Last week, I talked about the essentials for doing any client-side component manipulation, as described in Lucas Jellema‘s ODTUG Kaleidoscope 2009 talk, “That’s Rich! Putting a smile on ADF Faces.” This week, I’m going to talk about a couple of simple use cases for client-side programming that he demonstrated.
What I didn’t get a chance to do in that post was talk about the actual tips for client-side component manipulation that Lucas provided. I’m going to do this over the next couple of weeks. This week, I’m going to talk about the essentials for doing any client-side component manipulation. Next week, I’ll talk about some specific component manipulation use cases that Lucas went over in his talk.
Continue reading How to Use ADF Client-Side Components: Kaleidoscope ’09 Report III
This is an (obviously) late post in a series of posts about ODTUG Kaleidoscope 2009. Monday was the least busy day for me at Kaleidoscope–I only attended two presentations, “That’s Rich! Putting a smile on ADF Faces,” by Lucas Jellema, and “Fusion Design Fundamentals,” by Duncan Mills. But it was perhaps the most thought-provoking of my days there. In fact, I have a full three posts worth of stuff to say about just these two talks. Today, I’m going to talk about a dramatic contrast: the two talks, among other things, represented opposite ends of a debate I consider quite important: the advisability, or lack thereof, of using ADF Faces RC client-side components.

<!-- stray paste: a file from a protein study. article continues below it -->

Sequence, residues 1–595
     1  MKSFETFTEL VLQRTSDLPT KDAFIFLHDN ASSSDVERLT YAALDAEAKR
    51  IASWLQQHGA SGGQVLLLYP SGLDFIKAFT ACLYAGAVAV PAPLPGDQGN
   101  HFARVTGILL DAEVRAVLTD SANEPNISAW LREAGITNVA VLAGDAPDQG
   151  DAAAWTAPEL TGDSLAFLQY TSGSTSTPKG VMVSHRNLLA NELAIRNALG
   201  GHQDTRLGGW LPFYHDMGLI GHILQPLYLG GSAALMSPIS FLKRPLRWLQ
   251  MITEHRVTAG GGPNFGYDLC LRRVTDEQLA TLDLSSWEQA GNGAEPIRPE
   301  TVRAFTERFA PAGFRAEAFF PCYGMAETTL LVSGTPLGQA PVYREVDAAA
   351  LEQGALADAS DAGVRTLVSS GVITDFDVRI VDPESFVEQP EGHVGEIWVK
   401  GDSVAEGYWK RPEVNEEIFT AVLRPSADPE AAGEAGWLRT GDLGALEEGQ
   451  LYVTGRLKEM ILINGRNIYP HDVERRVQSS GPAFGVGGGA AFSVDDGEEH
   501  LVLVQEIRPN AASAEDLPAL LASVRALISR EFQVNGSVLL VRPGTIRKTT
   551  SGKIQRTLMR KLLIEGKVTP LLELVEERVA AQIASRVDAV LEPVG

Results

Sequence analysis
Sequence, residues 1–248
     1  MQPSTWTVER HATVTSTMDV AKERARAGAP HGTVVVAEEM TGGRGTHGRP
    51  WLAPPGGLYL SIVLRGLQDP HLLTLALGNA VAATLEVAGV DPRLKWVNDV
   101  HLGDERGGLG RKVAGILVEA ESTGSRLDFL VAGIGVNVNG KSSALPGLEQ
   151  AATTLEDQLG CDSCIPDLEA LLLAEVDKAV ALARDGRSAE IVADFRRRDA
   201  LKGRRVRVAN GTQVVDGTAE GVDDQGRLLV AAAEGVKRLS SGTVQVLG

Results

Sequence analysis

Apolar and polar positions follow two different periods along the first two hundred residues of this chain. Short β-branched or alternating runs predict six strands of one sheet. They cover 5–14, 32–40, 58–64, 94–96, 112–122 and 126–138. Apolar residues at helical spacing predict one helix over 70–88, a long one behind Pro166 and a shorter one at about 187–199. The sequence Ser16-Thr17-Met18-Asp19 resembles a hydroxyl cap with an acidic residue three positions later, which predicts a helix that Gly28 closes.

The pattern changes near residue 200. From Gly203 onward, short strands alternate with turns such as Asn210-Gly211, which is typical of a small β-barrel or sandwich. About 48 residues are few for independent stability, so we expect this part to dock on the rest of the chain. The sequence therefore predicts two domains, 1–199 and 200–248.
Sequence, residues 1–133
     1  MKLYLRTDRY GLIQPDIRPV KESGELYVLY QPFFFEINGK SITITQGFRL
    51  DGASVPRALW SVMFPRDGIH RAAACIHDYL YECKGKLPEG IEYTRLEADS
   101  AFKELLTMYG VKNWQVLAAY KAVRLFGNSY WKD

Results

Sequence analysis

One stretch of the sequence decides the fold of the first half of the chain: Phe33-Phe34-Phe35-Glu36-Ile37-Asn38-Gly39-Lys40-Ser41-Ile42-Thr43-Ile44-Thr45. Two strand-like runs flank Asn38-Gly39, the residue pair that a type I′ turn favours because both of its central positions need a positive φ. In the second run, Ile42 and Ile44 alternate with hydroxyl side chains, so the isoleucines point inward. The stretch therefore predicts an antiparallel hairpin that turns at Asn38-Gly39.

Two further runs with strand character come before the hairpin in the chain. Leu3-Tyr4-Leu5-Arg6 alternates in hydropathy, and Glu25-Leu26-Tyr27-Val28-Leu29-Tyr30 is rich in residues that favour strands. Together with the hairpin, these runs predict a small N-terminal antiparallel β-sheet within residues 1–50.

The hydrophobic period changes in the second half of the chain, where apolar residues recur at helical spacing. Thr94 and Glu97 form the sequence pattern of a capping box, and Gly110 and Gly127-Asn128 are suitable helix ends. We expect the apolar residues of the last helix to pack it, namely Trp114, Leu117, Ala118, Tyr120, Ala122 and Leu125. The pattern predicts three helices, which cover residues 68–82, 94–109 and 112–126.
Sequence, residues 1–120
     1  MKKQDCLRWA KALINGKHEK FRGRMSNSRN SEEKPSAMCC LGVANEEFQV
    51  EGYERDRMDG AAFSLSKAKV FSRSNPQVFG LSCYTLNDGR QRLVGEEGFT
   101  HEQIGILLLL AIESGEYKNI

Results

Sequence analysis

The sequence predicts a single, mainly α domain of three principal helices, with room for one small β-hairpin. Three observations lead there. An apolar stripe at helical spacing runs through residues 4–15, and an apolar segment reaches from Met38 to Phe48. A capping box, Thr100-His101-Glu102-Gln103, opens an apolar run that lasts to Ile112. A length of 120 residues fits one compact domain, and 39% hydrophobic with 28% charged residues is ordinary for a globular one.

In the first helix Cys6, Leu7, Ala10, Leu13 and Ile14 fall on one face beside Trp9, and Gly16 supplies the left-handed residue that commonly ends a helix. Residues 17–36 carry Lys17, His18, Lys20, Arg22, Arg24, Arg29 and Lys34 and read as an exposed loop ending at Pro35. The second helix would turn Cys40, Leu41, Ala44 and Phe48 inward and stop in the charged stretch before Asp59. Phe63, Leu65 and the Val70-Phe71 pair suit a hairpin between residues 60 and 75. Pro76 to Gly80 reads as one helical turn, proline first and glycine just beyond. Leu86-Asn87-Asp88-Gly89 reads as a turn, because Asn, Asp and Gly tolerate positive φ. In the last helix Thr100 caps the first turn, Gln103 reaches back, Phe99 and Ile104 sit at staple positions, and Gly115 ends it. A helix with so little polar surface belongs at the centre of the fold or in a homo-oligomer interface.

The presentation did not make the cut of abstracts selected by Oracle. But if you want to see it at OOW, there’s still a chance! Just vote for the presentation on Oracle Mix (you’ll need to create an Oracle Mix account if you don’t already have one, but it’s free and a good way to meet people in the ADF community).
See you at ODTUG and/or OOW!
I have my own very strong opinion on where to put business logic, but it isn’t any of the above. It’s this: It depends. Continue reading The Business Logic Wars